Grigsby's first on-stage experience came at age 12, when he won a talent show at downtown's Lincoln Theater, which he describes as "a baby Apollo." "I was scared to death," Grigsby says. "But I kept going back."

A stint in the Marines introduced Grigsby to Southern California, and when he finished his time in the service, he relocated to Los Angeles, burrowing into the city's thriving jazz scene of the 1950s and '60s. While there, Grigsby sang with a variety of big bands and smaller ensembles. Eventually, he worked his way up and down the West Coast, and even toured Europe with his old pal Cobb and others.

But by the early '70s, Grigsby -- who had children back in Houston -- was ready to come home. On his return, he found that the environment for jazz in Houston was "kind of shaky," and he was impelled to take a day job selling clothes at the old Battelstein's department store to make ends meet. Before long, though, his on-and-off partnership with Henschen -- which began in the '70s when they played together in the United Nations Sextet -- began to blossom.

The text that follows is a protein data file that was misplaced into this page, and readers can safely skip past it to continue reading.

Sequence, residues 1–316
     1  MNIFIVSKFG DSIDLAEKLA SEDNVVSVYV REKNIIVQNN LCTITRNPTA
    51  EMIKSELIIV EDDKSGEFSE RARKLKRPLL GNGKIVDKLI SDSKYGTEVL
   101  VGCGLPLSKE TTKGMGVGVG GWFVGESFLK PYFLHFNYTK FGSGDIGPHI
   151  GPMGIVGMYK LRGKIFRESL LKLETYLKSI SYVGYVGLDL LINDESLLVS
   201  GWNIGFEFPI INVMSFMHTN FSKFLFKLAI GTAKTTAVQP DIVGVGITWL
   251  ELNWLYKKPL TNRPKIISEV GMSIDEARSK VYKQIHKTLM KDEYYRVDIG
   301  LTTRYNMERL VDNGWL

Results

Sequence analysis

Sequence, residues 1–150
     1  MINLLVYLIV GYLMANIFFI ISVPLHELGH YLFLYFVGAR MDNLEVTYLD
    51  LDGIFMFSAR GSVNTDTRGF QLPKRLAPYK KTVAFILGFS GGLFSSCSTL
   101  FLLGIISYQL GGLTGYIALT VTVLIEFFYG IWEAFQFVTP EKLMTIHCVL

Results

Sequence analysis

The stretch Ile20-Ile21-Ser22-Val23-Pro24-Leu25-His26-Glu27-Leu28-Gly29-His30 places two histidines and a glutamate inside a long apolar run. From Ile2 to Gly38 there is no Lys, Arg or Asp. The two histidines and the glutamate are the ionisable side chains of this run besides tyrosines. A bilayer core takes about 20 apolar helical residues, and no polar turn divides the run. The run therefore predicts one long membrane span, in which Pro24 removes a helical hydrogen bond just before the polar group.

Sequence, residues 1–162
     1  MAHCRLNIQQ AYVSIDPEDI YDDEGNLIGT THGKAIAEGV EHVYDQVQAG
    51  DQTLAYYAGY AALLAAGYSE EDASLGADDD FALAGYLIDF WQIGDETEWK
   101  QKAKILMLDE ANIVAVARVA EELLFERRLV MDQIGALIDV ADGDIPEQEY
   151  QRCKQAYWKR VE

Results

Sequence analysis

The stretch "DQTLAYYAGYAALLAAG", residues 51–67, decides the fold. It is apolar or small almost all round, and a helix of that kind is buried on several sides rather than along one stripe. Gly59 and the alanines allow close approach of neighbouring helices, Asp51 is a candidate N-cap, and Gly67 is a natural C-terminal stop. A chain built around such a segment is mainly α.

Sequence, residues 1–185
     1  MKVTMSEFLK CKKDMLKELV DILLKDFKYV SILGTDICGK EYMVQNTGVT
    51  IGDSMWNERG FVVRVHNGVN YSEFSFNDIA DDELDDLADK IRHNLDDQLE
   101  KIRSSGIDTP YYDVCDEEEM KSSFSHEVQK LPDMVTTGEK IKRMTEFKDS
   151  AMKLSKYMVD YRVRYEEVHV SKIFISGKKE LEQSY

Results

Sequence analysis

Soon, it got to the point where Grigsby could abandon his clothing gig and devote all of his time to making music. Today, he's working harder than he ever has before, performing with Henschen five days a week at venues such as Cezanne, Cent' Anni and the Crowne Plaza Hotel. Given that busy schedule, Grigsby confesses, he's a little out of it before 5 p.m.

"I'm a night person, so I sleep late during the so-called morning," he says. "I can't go to sleep early any more -- you know how it is."

Sure I do -- until it dawns on me that Grigsby is 62.

Etc.... Inner Loop folk heroes de Schmog are making up to break up at Rudyard's Friday. The group is reuniting one last time (promise) for a performance of its tweaked-out rock opera "Fairy Tale" -- and it's no "Humpty Dumpty."

-- Hobart Rowland

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